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My Marathon Playlist

One of the most motivating things I’ve found for races is a playlist with new, upbeat, fun music. I used the same playlist of 57 tracks since a half marathon in September. I’ve trained to those same tracks for every run since then. I don’t even hear the music anymore, honestly. There are only a few songs that catch my attention (Baby Come Home by Scissor Sisters being one of my faves). Most of the time it’s just background noise. When I ran said half marathon in September, I couldn’t be more surprised by how much the new playlist I put together motivated me and made the race fun. So I decided to build a marathon playlist for this race and then not use it until race day. My running music preferences are much different than my regular music listening preferences. I love oldies, super upbeat guilty pleasure mainstream pop stuff…kind of tired of rap these days (at least the popping bottles/I’m so rich variety), but some of my fave running songs make an appearance.

Because sharing is caring, I am giving y’all a glimpse at my playlist. If you have any suggestions, please let me know!!


Don't judge me, Dad

Don’t judge me, Dad



Marathon Training (and oh yeah… I suck at blogging)

I’ve been wanting to post and wanting to post and totally intending to post…and then…nothing. It’s daunting. I want this to be a legit blog and I want a place to talk about running. But then I think about the less fun parts of that, like feeling pressure to add a bunch of pictures to posts, because god forbid people just read a big long section of text. Gotta add pictures to keep things interesting.

This one time I saw a hawk on my run.

This one time I saw a hawk on my run.

Anyway, but here we are. Less than a week from my first marathon. And there’s a lot I want to say about it! So here we go!

It was a really cool hawk.

It was a really cool hawk.

The last time I posted was a race recap in…November. Yikes. At my own defense, my man friend came home shortly after that and since he’s frequently out on the road for long stretches at a time, I’ve been spending as much time with him as I can before he jets off again next month (for 6 weeks!! Ahhhh!).

Marathon training has been… a lot of things. Exhausting. Renewing. Discouraging. Encouraging. Overwhelming. Affirming. It’s had its ups and downs. But here we are, less than a week away and I just feel so ready. I feel prepared and confident. I remember months ago being legitimately scared about the race. I had read too many running blogs and too many horror stories. It’s amazing how few marathon recaps you can find where it actually sounds like an enjoyable and fulfilling experience (I mean, yes, you’re running 26.2 miles, but there has to be some enjoyment or what’s the point?). I read about someone’s kidneys shutting down once because they didn’t properly fuel/hydrate and that about scarred me for life.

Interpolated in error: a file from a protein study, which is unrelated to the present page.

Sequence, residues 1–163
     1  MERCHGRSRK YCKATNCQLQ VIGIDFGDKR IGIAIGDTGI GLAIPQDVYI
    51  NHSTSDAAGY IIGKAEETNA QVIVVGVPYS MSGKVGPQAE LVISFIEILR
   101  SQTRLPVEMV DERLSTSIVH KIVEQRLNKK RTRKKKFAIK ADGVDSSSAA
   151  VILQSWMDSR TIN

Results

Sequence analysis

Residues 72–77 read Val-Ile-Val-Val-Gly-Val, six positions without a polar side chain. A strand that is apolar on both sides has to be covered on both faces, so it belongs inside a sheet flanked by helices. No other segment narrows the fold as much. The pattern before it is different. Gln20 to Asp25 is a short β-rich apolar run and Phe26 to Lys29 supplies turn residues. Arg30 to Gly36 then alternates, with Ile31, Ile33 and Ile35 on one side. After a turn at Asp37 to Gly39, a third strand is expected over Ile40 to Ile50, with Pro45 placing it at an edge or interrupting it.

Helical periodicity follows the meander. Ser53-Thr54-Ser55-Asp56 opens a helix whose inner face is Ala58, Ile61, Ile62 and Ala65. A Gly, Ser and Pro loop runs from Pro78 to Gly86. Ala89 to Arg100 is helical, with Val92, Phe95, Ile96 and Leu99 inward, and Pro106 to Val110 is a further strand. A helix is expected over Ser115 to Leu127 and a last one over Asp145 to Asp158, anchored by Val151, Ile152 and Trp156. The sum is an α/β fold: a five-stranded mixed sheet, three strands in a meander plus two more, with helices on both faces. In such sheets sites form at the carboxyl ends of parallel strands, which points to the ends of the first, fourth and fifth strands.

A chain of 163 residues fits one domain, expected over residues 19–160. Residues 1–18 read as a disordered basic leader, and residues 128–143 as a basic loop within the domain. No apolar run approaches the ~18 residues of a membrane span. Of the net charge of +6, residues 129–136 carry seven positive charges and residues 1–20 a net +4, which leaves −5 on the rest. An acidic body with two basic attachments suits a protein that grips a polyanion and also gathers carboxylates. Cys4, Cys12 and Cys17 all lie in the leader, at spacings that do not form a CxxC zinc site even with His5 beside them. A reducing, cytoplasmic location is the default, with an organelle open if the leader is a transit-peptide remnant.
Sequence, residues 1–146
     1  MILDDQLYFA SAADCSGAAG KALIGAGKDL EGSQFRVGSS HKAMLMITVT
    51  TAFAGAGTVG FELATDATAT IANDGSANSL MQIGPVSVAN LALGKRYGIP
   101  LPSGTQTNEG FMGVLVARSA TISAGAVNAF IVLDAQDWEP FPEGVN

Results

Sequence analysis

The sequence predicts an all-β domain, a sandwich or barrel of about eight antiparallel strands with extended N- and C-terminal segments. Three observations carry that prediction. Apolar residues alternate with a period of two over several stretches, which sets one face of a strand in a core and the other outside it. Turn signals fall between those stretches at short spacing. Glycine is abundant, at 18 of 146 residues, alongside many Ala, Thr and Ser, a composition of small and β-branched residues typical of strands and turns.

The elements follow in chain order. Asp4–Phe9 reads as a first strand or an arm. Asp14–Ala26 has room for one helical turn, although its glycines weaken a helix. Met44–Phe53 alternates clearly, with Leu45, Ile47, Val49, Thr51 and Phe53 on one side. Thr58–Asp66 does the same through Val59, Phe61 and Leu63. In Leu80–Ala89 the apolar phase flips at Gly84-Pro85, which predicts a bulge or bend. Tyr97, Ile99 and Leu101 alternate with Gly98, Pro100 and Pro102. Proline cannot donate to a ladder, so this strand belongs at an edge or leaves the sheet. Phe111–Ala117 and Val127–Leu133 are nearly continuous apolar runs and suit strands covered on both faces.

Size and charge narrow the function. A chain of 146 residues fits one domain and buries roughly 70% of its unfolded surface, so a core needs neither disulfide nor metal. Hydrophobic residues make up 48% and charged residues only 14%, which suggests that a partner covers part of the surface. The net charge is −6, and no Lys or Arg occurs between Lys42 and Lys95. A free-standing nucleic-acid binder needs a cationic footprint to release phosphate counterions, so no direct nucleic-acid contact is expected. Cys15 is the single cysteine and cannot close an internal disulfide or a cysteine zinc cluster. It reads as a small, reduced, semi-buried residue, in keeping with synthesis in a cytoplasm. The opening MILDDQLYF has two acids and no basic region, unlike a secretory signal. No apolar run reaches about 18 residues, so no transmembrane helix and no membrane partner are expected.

I think I'd like to keep my kidneys functioning properly, thanks

I think I’d like to keep my kidneys functioning properly, thanks

At first, the long runs were getting to me. I faced almost every Saturday with fear at the beginning because the long runs were mentally AND, of course, physically challenging. It seemed like the first few miles of every long run were just misery. I think it was the knowledge that I still had so far to go in those beginning miles. It was just getting to me. I managed to find my way out of that, though, and by the end of marathon training, my long runs are my best and absolutely most motivating/rejuvenating/affirming runs. What helped? Well, a couple of things stick out in my head:


  • I remember reading once about how much harder marathons are than half marathons and feeling a bit indignant internally because, hello, running 13.1 miles is no joke. But here’s the thing: marathons ARE a lot harder than half marathons in some obvious ways. Like, you know, distance and endurance and mental toughness. Half marathons are a great balance, in my opinion, because you can really focus on both endurance and speed. The speed thing is harder for the marathon because it’s a whole new pacing strategy and the increased mileage wears the body down much more.
  • I honestly just had to keep trucking through. That’s the hard part-it would be easy to quit (except I’m an extreme type A perfectionist so quitting is not something I generally let myself do) during those first few weeks where the long runs are building. It’s an adjustment. You’re building your base. You’re getting your body used to it. Sometimes it kind of sucks. Stick it out. If you keep plugging away and getting your weekly mileage in too, it will pay off.

Let go of the numbers

  • Then, I got a Garmin watch. This was a blessing for many reasons-it’ll give me an easy way to pace myself during the marathon (instead of craning my neck trying to see the numbers on the Nike+ app on my phone, not so conveniently strapped to my arm). It also gave me a chance to do heart rate training and really take those recovery runs seriously.
  • However, the Garmin watch led to a bit of numbers obsessing. Particularly¬†because every single run on the Garmin was shorter than Nike+. I felt deceived! I felt ashamed! I wasn’t as fast as I thought I was! Shit!
  • A few weeks ago, I turned off the voice feedback on my Nike+ app. I had thought I’d do it just for one particular workout that I was struggling with mentally (12 miles on a Wednesday morning before work is intense and tough to prepare for mentally). I haven’t turned it back on since. When I feel like knowing my pace, I can look at my watch. But it’s given me such freedom and I think it’s made a big difference in the last few weeks of marathon training.